June 4 – Implementing a new compensation plan for county employees is expected to cost about $6.6 million.
Based on the financial surplus accumulated over the past year, the county still needs to find about $2.5 million, and that must be in recurring dollars.
At a Wilson County Budget Committee meeting on Tuesday, Wilson County Chief Financial Officer Aaron Maynard mapped out some possible paths to get there. These options included a possible increase in taxes or a combination of transfers between various county funds using growth revenues.
“There are two tax options,” Maynard said. “You could raise the tax rate by $0.04. You could pay it on (the American Recuse Plan), for a few years, which I don’t recommend, but if you wanted to do it and give yourself the time to run a public referendum on a tax on wheels, public safety or something like that, I suppose you could.”
However, Maynard indicated that he preferred a different route.
“The general fund needs $2.2 million to make up its portion of the compensation plan,” Maynard said. “(The solid waste department) needs $16,000, and the (roads commission) needs $205,000. (Total) I need $2.5 million. What I’m proposing , is that you take it out of debt service and replace it with transfers from the capital projects fund.
This option would only serve as a short-term solution.
“You still have money in the capital projects fund, but you would eventually lose the ability to build anything from capital projects,” Maynard said. “That’s what we would end up sacrificing.”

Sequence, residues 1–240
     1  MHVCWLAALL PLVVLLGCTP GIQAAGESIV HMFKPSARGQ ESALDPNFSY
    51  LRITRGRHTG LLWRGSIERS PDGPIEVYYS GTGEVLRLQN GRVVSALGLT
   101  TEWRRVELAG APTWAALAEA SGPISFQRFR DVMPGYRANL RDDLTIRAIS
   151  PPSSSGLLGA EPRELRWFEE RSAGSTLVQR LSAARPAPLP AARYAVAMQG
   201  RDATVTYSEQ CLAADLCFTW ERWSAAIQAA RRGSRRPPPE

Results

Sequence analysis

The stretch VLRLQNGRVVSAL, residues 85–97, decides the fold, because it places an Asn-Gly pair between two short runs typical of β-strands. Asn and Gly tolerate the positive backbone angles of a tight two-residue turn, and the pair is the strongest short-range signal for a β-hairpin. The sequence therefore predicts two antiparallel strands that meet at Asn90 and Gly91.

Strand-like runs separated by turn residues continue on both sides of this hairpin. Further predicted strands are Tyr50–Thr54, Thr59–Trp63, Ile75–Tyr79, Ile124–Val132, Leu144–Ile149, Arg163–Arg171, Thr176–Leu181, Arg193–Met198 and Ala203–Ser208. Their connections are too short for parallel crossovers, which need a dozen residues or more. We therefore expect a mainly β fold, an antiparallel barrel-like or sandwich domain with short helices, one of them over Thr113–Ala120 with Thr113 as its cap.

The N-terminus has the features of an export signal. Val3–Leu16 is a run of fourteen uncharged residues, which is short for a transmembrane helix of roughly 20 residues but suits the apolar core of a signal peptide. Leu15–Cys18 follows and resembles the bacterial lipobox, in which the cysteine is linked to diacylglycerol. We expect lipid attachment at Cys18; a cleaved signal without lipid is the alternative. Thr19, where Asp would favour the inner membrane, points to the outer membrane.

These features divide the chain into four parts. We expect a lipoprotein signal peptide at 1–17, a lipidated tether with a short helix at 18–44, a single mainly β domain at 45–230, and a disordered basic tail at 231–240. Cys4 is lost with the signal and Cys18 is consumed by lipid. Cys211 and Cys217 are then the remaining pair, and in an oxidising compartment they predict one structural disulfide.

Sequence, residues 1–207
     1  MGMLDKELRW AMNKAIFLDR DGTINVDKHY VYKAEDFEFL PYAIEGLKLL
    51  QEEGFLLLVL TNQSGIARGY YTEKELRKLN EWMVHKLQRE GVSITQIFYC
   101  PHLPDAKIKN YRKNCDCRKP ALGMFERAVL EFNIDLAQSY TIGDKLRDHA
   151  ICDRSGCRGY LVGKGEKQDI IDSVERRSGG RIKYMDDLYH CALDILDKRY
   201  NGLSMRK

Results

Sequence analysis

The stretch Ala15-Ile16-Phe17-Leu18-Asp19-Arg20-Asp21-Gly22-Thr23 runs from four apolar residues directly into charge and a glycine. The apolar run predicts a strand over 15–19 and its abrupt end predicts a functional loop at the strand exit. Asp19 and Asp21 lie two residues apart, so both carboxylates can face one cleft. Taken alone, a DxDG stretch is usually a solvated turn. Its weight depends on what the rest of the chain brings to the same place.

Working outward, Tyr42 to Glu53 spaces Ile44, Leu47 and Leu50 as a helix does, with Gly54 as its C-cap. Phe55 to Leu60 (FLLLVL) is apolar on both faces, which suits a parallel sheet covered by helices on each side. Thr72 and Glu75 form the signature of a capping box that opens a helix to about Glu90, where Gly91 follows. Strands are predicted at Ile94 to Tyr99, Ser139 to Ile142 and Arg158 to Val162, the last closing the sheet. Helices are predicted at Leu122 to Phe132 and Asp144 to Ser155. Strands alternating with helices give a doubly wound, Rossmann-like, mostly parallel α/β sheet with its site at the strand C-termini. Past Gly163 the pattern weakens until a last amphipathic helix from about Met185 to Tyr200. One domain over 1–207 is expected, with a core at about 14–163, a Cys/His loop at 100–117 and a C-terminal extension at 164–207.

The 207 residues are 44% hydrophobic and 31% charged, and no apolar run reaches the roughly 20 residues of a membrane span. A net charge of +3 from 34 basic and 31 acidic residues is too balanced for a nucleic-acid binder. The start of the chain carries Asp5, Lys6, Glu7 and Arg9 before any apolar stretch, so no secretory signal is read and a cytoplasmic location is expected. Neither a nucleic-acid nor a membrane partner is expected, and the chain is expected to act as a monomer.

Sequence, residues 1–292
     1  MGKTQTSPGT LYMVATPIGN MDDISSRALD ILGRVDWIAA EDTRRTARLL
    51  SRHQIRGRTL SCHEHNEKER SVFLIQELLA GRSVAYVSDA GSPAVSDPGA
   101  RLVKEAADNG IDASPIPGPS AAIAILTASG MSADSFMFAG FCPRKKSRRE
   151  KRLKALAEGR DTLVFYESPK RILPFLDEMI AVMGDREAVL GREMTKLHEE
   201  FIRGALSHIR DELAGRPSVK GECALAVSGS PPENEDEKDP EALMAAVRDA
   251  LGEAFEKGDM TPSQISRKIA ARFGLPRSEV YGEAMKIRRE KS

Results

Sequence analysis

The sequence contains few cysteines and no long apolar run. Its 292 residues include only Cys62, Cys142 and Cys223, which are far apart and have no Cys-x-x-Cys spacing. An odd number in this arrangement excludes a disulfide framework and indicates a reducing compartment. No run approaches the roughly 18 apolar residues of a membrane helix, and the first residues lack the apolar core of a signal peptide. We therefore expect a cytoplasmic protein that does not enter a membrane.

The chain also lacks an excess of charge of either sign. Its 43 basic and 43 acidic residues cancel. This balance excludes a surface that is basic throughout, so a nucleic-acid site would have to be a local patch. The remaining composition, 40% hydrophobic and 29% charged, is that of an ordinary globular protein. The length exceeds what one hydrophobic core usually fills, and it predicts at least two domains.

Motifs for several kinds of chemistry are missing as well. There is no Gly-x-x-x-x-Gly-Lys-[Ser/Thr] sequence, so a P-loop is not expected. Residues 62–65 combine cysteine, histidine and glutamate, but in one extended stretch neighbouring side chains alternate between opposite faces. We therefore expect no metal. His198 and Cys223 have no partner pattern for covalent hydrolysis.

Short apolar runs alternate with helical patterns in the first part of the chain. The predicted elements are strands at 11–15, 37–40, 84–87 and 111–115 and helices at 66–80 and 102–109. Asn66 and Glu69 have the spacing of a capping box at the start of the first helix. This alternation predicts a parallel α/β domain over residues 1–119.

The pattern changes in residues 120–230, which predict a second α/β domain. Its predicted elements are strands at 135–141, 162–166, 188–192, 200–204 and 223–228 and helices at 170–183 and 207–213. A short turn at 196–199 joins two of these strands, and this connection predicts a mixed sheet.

According to Maynard, in 2022 Wilson County will receive a total of $27.6 million. In debt repayment, he spent $23.5 million, leaving a surplus of $4.1 million, which can be used for the compensation plan. That’s where the remaining $2.5 million comes in.
Maynard cautioned against doing too much to impact the county’s borrowing power. Borrowing costs can be as high as $70,000 per million dollars borrowed. For example, with a $50 million project like rebuilding West Wilson Middle School, $3.5 million is needed to borrow money.
“Worst-case scenario, if I’m wrong, debt service has enough to take care of it,” Maynard said. “Your wildcard here is development. As long as it continues to explode, you’re good. If you were to see a significant economic downturn, under no circumstances what we offer (is) not detrimental to the ‘future. next 12 to 18 months.’
Like the fundamental law of states of gravity, what goes up must come down, so Maynard cautions against optimistic future projections.
“We’re going back to normal spending levels,” Maynard said. “It’s not my goal to put away $5 million every year. I don’t want to go back on a regular basis because we can’t survive that way, but the last two years have just been weird. Do you want to pretend like next year is going to be 20% more than this year?”
Wilson County Mayor Randall Hutto added, “(Maynard) knows the easiest thing to do would be to say, let’s raise taxes. After all, we’ve only done it twice in 14 years. Let’s do that. At the same time, he values the citizens here, and if we have income, it would almost be a sin to tax them when they’re there.”
The compensation plan was finally approved by the budget committee to move the budget process forward.
“From what I’ve heard and what I’ve seen, we absolutely have to do this for our employees,” said Wendell Marlowe, chairman of the Wilson County budget committee. “We were presented with a way to do this without significantly sacrificing anything to county government.”